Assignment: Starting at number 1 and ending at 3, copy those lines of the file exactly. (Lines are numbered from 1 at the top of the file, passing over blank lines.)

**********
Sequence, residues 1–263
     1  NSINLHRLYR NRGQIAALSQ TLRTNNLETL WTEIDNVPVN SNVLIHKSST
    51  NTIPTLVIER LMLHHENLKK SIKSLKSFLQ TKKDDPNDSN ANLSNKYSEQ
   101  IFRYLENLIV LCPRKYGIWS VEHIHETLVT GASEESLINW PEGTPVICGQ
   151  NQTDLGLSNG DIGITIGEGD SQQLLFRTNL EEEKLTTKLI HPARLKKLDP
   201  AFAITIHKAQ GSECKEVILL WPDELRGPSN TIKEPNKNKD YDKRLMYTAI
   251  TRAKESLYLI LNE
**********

Sequence, residues 1–263
     1  NSINLHRLYR NRGQIAALSQ TLRTNNLETL WTEIDNVPVN SNVLIHKSST
    51  NTIPTLVIER LMLHHENLKK SIKSLKSFLQ TKKDDPNDSN ANLSNKYSEQ